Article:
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Linux has a Place in the Enterprise

February 16, 2012

Linux in the Enterprise
From its meager beginnings as a hobby project to its extreme success among geeks, Linux has survived lawsuits, boycotts and onslaughts from every corner of the UNIX, Windows and Mac computing markets. Linux has, in spite of its critics, made its way into the world’s data centers. Linux enjoyed early success as a host platform for the Apache web server but now has blossomed into a formidable contender for rack space. For an operating system, Linux has the best mixture of vendor neutrality, open source code base, stability, reliability, scalability and affordability. It also provides the user or administrator the choice of graphical user interfaces or none at all.

Linux has one very significant advantage over all other operating systems: Hardware compatibility. It runs on a variety of hardware platforms from wristwatches to mainframes, although it’s most familiar playing field is on x86 metal.

Two decades of community development and support have brought Linux into the mainstream as an enterprise-level operating system that’s competitive on every level of computing. Linux hosts workloads of all sizes and types: Web services, databases, applications, network services, file services, virtualization and cloud computing.

With the notable exceptions of Microsoft’s Hyper-V and Solaris Zones, Linux-based virtualization solutions are the standard in contemporary data centers. And, the world’s largest cloud computing vendor, Amazon, uses Xen virtualization for its services. Though it’s rare outside of Internet Service Provider (ISP) realms, you can run “Zones” virtualization on Linux too. Zones, containers or jails are a popular method of securely compartmentalizing Linux applications from one another. ISPs use containers to separate users from one another on shared systems for shell access. It’s an effective and secure method of leveraging inexpensive hardware over dozens of users.

Though Linux has a dedicated following, corporate buy-in and support from the world’s largest hardware and software vendors, there are still those who aren’t convinced. As late as mid-2011, I found several articles and commentary challenging the viability of Linux as a data center operating system.

The problem with Linux adoption stems from a misunderstanding of the Linux support model. Linux, as a kernel, and generally as an operating system, is free. Free means its code is free to use, change and adapt to any purpose. Some refer to this freedom as open source. Open source does not necessarily mean free. Proprietary software can be open source but it isn’t free to change, rebrand, etc. Linux is free software and it’s also open source.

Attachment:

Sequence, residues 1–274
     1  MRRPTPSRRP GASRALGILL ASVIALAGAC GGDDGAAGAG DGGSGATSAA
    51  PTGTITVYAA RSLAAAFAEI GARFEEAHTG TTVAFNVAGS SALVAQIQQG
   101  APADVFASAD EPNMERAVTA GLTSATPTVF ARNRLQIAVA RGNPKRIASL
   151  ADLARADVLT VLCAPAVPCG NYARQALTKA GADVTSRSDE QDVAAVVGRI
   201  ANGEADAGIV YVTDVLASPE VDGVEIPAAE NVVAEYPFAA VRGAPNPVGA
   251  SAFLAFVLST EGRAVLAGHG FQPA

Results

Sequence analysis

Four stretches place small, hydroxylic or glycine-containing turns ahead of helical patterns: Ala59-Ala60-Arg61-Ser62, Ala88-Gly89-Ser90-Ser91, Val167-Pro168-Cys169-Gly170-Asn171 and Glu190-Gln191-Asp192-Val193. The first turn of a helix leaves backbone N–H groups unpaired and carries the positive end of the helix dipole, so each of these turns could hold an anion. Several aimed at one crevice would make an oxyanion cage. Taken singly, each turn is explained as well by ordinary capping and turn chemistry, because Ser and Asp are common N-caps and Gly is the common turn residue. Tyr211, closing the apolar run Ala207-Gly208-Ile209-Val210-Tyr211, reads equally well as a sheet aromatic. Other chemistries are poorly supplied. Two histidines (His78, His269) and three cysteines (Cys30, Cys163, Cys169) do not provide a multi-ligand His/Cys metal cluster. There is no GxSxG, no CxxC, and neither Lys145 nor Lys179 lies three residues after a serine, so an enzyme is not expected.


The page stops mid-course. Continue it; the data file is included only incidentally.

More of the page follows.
It also means that Linux is free of charge. Vendors charge for media, consulting, support and a host of associated services but they usually do not charge for the Linux software itself.

The very thing that makes Linux so desirable to geeks and those knowledgeable in the ways of free software is also the aspect that makes some company executives turn away from Linux as a data center operating system. Incorrectly, they assume that since something is free and doesn’t have strings attached that there must be something wrong with it.

Dispelling myths associated with Linux use requires a lot of energy and time. But, there is one sure test for Linux data center viability: IT Services Support.

Linux has support, financial and technical, from the biggest names in the IT industry. Each of these industry giants has its own Linux distribution preference but, whichever distribution you decide to use, you can purchase full support for it. You can purchase 24x7x365 support from a variety of sources, including directly from Linux distribution vendors.

Every major IT services company supports Linux, Windows and commercial UNIX flavors as part of its portfolio. Linux is a mainstream operating system that carries workloads for every sized company in the world. Linux is no longer cute or niche. If you use any online web hosting services, web-based CRM software, databases, virtualization or cloud services, chances are greater than 90% that you’re using Linux behind the scenes for those services.

Linux supports high availability, clustering, high-performance computing and a variety of hardware platforms. It also supports industry standard LDAP (Directory) services, large databases, journaling filesystems, SMP computing and major computer languages including an implementation of Microsoft’s .NET platform.

Linux has its place in your data center doing the enterprise-level heavy lifting at a lower cost than comparable proprietary systems. The days of the monolithic, single operating system data centers are long gone. Heterogeneous networks, including Linux, are today’s standard fare.

This post was written as part of the IBM for Midsize Business program, which provides midsize businesses with the tools, expertise and solutions they need to become engines of a smarter planet.

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  1. February 17, 2012 at 11:16 AM
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